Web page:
Most Commonwealth government employees funded by the American Recovery Plan Act monies under the Fiscal Year 2023 budget will be taking a 10 percent cut in pay, while 500 of them will be laid off. These are among austerity measures Gov. Arnold Palacios is proposing in a revised FY 2023 budget to the legislature to keep the government from running out of money.
The original budget relied heavily upon ARPA funds and Community Disaster Loan funds that former Gov. Ralph Torres and former secretary of finance David Atalig, Jr. depleted before leaving office.
“We once had $600 million provided to the Commonwealth government,” Mr. Palacios said at a news conference announcing the proposal Wednesday afternoon. “It was depleted in 18 months.”
Within-grade pay increases, government purchase and travel cards, travel, cell phones, vehicle leases, and vacant positions all are on the cutting block because of Mr. Torres’s near-bankrupting of the Commonwealth.
Reducing the pain to public employees
If the legislature approves the revised budget, the remaining ARPA-funded employees will work only 72 of the 80 pay period hours. The governor’s fiscal team wanted to cut pay by 20 percent, or a 32-hour workweek (64-hour pay period), but Mr. Palacios relented, not wanting to cause public employees additional financial strain.
“We wanted to see whether we can at least minimize the pain to our employees,” Mr. Palacios said. “Rather than going 64, we went to 72. We will use the revenue that will be realized to cover the costs.”
The Palacios administration is tracking an $11 million increase in revenue over the original budget’s estimates. This, he says, is due primarily to increases in the business gross revenue tax collections.
Essentially, the revised budget will axe the now-phantom ARPA and CDL revenues and what those revenues were supposed to fund, and attempt to fund priority areas with local funds instead.
The originally-appropriated CDL fund toward the 25 percent portion of retiree pensions and the local match requirement for Medicaid will be erased, with the governor pledging to scrape through local funds to meet those two obligations. The budget also will transfer the constitutionally-mandated 25 percent to the Public School System, including $2.9 million in additional local revenue. There will be allocations of $859,000 in local revenue to cover government operations, and $1 million in local revenue for the government’s Group Health and Life Insurance plan. All these operations and obligations were left unfunded by Mr. Torres and Mr. Atalig.
The revised budget also will transfer about $1 million to the Commonwealth Healthcare Corporation, which Mr. Torres and Mr. Atalig shortchanged in the middle of the pandemic.
The revised budget was filed this morning in the Commonwealth Legislature, and must be approved by both houses and signed by the governor in order to go into effect. Every day the cuts and new revenue level are not authorized, the fiscal crisis compounds, requiring even deeper cuts in order for the government to survive through September 30, 2023.
“I do hope we act expeditiously,” Mr. Palacios said, as Senate President Edith Deleon Guerrero and House Speaker Edmund Villagomez sat by he and Lt. Gov. David Apatang.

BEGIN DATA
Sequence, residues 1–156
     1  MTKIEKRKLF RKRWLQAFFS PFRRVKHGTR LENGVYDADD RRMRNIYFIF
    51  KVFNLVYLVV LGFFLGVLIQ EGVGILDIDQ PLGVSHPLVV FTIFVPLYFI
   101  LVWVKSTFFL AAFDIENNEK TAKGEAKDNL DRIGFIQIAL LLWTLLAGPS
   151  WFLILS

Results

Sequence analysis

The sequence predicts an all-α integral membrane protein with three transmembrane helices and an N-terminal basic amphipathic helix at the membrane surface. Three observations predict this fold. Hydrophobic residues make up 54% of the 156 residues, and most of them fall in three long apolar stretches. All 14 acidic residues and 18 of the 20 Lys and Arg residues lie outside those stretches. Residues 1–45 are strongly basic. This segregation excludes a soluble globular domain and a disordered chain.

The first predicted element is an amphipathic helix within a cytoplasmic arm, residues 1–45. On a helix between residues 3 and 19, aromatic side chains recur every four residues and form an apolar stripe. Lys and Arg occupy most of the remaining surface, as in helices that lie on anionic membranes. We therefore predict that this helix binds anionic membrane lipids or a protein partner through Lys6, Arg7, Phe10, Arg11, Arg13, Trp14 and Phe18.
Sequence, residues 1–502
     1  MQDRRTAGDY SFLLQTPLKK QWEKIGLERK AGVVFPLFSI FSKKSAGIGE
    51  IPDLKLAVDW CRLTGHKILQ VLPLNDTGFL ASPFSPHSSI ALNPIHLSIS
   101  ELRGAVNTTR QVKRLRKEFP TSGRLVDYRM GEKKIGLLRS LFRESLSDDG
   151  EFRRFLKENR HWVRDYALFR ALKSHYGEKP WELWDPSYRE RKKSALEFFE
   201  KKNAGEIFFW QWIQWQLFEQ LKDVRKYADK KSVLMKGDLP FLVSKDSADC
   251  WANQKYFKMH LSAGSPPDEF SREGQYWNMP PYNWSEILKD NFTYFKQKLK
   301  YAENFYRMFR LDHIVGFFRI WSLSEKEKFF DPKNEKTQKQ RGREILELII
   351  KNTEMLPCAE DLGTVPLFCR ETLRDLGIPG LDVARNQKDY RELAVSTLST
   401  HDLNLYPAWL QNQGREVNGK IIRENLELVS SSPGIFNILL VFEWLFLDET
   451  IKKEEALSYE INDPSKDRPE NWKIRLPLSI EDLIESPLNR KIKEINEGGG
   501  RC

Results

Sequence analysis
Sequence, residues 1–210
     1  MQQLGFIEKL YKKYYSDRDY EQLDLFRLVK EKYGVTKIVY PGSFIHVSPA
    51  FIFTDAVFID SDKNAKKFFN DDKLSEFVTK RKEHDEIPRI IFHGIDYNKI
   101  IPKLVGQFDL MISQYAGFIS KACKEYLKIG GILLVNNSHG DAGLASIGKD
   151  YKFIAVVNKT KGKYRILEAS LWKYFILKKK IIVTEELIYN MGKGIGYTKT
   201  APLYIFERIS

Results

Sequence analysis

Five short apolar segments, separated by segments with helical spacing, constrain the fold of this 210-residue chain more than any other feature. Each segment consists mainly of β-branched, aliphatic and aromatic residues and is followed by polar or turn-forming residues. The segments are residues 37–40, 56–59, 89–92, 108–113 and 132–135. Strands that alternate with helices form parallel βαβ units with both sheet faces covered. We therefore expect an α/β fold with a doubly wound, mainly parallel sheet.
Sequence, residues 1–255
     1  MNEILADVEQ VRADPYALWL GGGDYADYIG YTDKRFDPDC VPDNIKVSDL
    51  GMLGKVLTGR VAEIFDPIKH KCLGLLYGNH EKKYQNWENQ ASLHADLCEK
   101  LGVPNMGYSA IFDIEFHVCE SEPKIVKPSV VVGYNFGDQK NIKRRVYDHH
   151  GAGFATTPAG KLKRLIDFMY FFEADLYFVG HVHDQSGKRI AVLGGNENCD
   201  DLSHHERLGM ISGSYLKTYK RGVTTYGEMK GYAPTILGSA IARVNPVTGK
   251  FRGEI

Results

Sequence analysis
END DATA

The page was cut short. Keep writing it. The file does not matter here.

Where did all those federal funds go?
According to the governor’s transmittal letter to the legislature on the revised budget proposal, “These ARPA funds should have been sufficient to cover expenditures for three more years, through 2026. My Fiscal Response Team (FRT), however, has determined that the Commonwealth’s ARPA funds were overspent and overcommitted within 18 months of receipt.”
And that’s not the only financial scandal from the Torres administration that led to today’s austerity announcement.
“[T]he former Secretary of Finance [Atalig] assured the Legislature of the availability of CDL funds to cover $7.2 million for the local match for the Medicaid Program and $13 million for the payment of the 25 percent portion of retiree pensions,” Mr. Palacios wrote to legislators. “My Fiscal Response Team has determined, however, that the CDL funds have been depleted and are not available to cover either of these obligations for the remainder of the fiscal year. These obligations will have to be covered by local revenues, including federal reimbursements owed to the Commonwealth.”
So where did all that money go? Mr. Palacios said he wants to know as well, and he wants the numbers to back up legal action the Commonwealth could take against those who misused and wasted funds.
“I’ve talked to the OPA asked them for assistance,” Mr. Palacios said. “As for the AG, he’s taking a look at some of these issues. In my discussion with OPA, we asked her, ‘Would it be possible for you to include a forensic audit to the FY 2021 and 2022 audits? She said she’s going to talk to the auditing firm.
“Whatever I can scrape up from the bottom of this ARPA barrel, I’ll give it to her for this forensic audit. I will also send a letter to the White House requesting for funding to do those audits. Not only to do the audits, but to also provide training and assistance to revenue and tax, and for assistance for additional auditors.
In the mean time, the revised budget must be the priority, Mr. Palacios said.
“Tomorrow we will go into session at 10 a.m.,” Speaker Edmund Villagomez said. The revised budget will be considered then. Kandit will be casting the session live.
Revised Fiscal Year 2023 budget